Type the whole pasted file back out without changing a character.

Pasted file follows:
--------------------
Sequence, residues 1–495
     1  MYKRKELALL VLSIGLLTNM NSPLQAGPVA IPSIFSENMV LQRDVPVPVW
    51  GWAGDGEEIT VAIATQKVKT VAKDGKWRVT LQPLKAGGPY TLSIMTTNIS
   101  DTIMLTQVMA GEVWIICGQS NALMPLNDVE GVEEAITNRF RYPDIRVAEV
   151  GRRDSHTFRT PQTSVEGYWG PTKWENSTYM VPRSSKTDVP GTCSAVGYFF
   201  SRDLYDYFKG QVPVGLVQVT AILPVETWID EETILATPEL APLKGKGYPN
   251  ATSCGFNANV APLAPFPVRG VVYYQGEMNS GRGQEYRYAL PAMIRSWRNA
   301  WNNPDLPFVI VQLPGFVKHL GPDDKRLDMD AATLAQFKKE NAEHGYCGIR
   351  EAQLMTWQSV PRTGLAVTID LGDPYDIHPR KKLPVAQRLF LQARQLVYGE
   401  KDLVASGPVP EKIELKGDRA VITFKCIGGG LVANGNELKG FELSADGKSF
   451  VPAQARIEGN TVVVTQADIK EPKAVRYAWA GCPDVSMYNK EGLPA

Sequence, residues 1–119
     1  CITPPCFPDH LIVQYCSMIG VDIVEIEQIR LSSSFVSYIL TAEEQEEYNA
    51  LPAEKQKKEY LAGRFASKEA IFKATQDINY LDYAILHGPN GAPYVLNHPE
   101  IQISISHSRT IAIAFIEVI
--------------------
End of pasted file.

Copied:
Sequence, residues 1–495
     1  MYKRKELALL VLSIGLLTNM NSPLQAGPVA IPSIFSENMV LQRDVPVPVW
    51  GWAGDGEEIT VAIATQKVKT VAKDGKWRVT LQPLKAGGPY TLSIMTTNIS
   101  DTIMLTQVMA GEVWIICGQS NALMPLNDVE GVEEAITNRF RYPDIRVAEV
   151  GRRDSHTFRT PQTSVEGYWG PTKWENSTYM VPRSSKTDVP GTCSAVGYFF
   201  SRDLYDYFKG QVPVGLVQVT AILPVETWID EETILATPEL APLKGKGYPN
   251  ATSCGFNANV APLAPFPVRG VVYYQGEMNS GRGQEYRYAL PAMIRSWRNA
   301  WNNPDLPFVI VQLPGFVKHL GPDDKRLDMD AATLAQFKKE NAEHGYCGIR
   351  EAQLMTWQSV PRTGLAVTID LGDPYDIHPR KKLPVAQRLF LQARQLVYGE
   401  KDLVASGPVP EKIELKGDRA VITFKCIGGG LVANGNELKG FELSADGKSF
   451  VPAQARIEGN TVVVTQADIK EPKAVRYAWA GCPDVSMYNK EGLPA

Sequence, residues 1–119
     1  CITPPCFPDH LIVQYCSMIG VDIVEIEQIR LSSSFVSYIL TAEEQEEYNA
    51  LPAEKQKKEY LAGRFASKEA IFKATQDINY LDYAILHGPN GAPYVLNHPE
   101  IQISISHSRT IAIAFIEVI